Let's look at the two citations Valliant provides. The first is Peter Schwartz's article "Libertarianism: The Perversion of Liberty" published in The Voice of Reason. Its principal targets are Murray Rothbard and Walter Block and doesn't mention either of the Brandens. The second citation is to page 391 of PAR, where Branden discusses two younger writers who wrote about her philosophy. (PARC, p. 70.) Branden references Mimi Gladstein's The Ayn Rand Companion and Doug Rasmussen's The Philosophic Thought of Ayn Rand. According to Branden, Rand had letters sent to them threatening lawsuits. (PAR, p. 391.) The libertarianism of these authors (if they are both indeed libertarians)(11) isn't mentioned, so again this citation does not help Valliant's case.
Valliant's discussion of Rand and libertarianism is yet another example where he fails to present evidence to support his claim.
After making his unsupported claim that the Brandens consider Rand intolerant for her views on libertarianism, Valliant proceeds to discuss Rand's perceived need for "systematic honesty in forming political and intellectual alliances." He mentions those libertarians who are anarchists and advocate unilateral disarmament. He claims that the differences between Rand and the libertarians were "not so trivial as the critics suppose." (PARC, p. 70.) It isn't clear who Valliant claims the "critics" are -- Nathaniel Branden, Barbara Branden, LP officials, libertarian intellectuals, all of them, some of them?
What the Brandens say concerning libertarianism and what Valliant implies they say is quite a bit different.
According to PAR's index, the LP is mentioned on three pages and the libertarian movement on one page. Barbara Branden notes that the LP has been divided by those who advocate limited government and strong defense on one hand and anarcho-capitalists on the other. Branden's conclusion is: "In the opinion of many people, the anarchist wing has deeply undermined the effectiveness of the Libertarian Party in recent years. That wing was the particular source of Ayn Rand's indignant repudiation of the party that had been formed in the image of her political philosophy." (PAR, p. 413.) This quote doesn't indicate to me that Branden believes that Rand's repudiation of the LP was "intolerant" or "close-minded." Nor does it indicate that Branden thinks Rand was wrong to disassociate herself from the LP due to the presence of anarcho-capitalists and advocates of unilateral disarmament. If Valliant is basing his contention on something Branden said someplace else, then he should cite it.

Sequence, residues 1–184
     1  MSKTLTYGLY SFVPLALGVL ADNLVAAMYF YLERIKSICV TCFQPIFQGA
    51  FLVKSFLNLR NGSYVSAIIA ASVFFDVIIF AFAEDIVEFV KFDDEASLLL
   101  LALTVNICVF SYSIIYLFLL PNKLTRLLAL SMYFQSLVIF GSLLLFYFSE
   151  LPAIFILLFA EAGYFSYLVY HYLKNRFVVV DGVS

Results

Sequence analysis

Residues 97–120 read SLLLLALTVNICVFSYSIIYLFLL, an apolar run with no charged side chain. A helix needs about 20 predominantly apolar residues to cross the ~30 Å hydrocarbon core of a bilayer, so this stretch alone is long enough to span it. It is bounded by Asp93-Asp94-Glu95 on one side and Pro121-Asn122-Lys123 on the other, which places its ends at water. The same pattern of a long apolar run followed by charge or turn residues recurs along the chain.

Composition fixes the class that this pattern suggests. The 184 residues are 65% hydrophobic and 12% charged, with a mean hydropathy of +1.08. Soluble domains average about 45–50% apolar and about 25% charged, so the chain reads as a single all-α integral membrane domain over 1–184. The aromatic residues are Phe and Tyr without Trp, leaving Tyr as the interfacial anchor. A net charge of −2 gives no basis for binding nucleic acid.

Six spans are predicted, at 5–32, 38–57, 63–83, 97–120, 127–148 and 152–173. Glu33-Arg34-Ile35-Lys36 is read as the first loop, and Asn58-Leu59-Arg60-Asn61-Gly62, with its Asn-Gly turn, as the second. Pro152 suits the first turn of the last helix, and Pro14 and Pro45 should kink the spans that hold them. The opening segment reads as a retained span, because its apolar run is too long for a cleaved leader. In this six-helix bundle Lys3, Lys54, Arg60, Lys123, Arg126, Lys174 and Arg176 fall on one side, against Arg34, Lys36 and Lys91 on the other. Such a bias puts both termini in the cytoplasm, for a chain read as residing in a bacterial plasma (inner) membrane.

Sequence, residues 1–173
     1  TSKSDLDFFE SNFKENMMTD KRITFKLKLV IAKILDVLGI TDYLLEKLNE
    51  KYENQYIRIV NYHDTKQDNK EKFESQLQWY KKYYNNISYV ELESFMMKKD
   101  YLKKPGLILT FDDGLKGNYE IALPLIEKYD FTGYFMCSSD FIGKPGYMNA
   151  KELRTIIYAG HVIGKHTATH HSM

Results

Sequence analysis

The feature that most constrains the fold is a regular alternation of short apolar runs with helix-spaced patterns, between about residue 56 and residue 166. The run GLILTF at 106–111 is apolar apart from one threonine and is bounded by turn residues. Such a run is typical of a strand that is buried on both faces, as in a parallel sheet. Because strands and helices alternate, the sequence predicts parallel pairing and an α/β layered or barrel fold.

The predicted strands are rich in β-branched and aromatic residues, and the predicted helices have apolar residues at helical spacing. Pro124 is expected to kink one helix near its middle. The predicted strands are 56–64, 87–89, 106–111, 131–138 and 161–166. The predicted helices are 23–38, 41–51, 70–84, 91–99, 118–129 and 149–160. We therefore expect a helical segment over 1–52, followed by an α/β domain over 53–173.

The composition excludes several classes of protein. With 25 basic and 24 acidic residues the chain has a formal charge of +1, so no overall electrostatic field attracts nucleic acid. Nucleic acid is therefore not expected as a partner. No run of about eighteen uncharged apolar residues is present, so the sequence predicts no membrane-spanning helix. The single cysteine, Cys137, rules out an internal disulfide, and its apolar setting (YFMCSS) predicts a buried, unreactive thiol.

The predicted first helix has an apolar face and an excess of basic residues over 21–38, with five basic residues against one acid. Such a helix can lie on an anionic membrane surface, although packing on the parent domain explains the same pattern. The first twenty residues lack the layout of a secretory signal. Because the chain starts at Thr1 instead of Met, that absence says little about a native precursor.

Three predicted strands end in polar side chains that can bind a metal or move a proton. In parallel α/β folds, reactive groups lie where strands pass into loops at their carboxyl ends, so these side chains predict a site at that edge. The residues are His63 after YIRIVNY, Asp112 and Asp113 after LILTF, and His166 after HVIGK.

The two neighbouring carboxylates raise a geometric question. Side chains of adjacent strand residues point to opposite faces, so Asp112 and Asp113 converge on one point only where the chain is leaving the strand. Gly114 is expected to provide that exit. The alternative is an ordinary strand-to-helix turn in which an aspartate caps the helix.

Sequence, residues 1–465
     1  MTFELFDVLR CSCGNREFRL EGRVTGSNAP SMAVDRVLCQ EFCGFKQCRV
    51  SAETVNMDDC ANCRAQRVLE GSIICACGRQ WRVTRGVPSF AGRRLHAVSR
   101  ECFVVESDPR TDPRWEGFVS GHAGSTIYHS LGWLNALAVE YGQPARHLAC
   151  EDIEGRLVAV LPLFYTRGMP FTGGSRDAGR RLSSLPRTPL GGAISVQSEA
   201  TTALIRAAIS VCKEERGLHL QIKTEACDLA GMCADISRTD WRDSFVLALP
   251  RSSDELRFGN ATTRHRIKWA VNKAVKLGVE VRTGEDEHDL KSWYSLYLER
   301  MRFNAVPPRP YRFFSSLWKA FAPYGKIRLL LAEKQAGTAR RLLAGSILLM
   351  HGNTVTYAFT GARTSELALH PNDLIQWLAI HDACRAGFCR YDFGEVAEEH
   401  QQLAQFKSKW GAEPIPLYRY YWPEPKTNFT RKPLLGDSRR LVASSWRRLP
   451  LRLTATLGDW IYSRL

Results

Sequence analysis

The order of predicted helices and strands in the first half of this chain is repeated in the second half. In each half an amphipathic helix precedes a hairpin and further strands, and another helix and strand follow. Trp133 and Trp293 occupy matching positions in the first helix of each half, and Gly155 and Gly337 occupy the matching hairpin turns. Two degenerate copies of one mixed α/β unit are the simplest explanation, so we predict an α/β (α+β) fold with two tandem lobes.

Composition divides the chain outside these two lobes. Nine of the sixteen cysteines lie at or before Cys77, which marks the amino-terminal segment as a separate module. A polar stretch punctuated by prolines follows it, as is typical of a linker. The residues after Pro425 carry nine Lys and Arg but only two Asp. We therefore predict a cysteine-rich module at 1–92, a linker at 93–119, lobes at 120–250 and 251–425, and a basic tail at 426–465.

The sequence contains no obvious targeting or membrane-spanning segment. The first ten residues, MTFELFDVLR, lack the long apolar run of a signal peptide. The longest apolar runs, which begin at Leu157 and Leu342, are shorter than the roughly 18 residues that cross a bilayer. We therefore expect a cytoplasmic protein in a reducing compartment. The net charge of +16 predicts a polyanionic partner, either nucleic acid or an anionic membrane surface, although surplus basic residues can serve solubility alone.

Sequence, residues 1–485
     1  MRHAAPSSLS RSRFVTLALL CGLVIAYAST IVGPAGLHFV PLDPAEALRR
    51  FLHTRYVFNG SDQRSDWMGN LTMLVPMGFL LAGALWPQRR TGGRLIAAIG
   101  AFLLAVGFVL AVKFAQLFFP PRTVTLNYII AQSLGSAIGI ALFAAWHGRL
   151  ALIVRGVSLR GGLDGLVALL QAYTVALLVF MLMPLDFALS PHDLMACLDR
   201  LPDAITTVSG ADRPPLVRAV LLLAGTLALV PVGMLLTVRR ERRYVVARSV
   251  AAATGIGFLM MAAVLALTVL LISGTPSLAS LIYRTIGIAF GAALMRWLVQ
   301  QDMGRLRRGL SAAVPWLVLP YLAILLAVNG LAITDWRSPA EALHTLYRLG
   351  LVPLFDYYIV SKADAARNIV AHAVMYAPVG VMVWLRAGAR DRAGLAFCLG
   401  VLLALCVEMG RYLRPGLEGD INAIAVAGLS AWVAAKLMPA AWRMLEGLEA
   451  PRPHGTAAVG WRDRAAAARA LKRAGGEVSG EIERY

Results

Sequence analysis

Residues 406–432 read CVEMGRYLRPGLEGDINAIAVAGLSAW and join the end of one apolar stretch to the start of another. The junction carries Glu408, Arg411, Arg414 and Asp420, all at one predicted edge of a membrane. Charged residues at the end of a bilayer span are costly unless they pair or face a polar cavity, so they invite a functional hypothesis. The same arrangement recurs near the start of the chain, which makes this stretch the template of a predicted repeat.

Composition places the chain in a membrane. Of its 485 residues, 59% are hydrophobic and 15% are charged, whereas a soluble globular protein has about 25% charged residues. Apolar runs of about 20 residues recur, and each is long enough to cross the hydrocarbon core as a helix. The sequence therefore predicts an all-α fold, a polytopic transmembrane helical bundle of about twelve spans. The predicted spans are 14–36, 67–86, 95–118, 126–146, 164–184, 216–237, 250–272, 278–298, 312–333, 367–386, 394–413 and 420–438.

Nathaniel Branden in My Years with Ayn Rand discusses Rand's position vis-à-vis the LP and doesn't criticize her for it. (MYWAR, p. 231.)
Incidentally, the Ayn Rand Institute has a collection of Rand's statements concerning libertarianism and the LP. The reader is free to decide for himself if Rand's statements are intolerant or close-minded.
The Virtue of Anger
"Mullah Rand" ends with a discussion of Rand's anger, particularly as reflected in some of her answers in question and answer sessions. Valliant concedes that this is the Brandens "strongest case" because it is so well documented. Even Leonard Peikoff concedes that there were times that Rand's anger "was not justified." If one were using the same "hermeneutics of suspicion" that Valliant employs against the Brandens, one might argue that he only admits to negative things about Rand when he is left without a choice. Valliant does claim that the Brandens have exaggerated Rand's anger, particularly during question and answers. However, in a recent issue of The Journal of Ayn Rand Studies, Robert Hessen states: "As an eyewitness to many such outbursts [Rand's interactions with questioners], I can verify that Ms. Branden's claim was accurate and not exaggerated."(12) In any event, rather than simply concede that Rand overdid it at times and move on, Valliant lectures his readers about the virtue of anger and the inability of the Brandens to discern that Rand's anger was really the righteous rage of a moral prophet.
For example, he takes issue with Nathaniel Branden's asking rhetorically what benefit was there to Rand starting her "Introduction" to The Virtue of Selfishness by calling selfishness a virtue "[f]or the reason that makes you afraid of it." Valliant claims that Branden is "intentionally omitting" the answer, apparent as it is to any reader of Rand's books. Of course, Branden knows Rand's reason and isn't hiding anything. He is expressing his disagreement with Rand. This appears to be Valliant's real dispute with the Brandens – they disagree (or allegedly disagree) with Rand:
So far as I can tell, the Brandens believe that it is necessary at times to make ethical judgments of others. But even if the Brandens have departed from Objectivism in this respect, what does this have to do with whether PARC's readers should accept their accounts as accurate?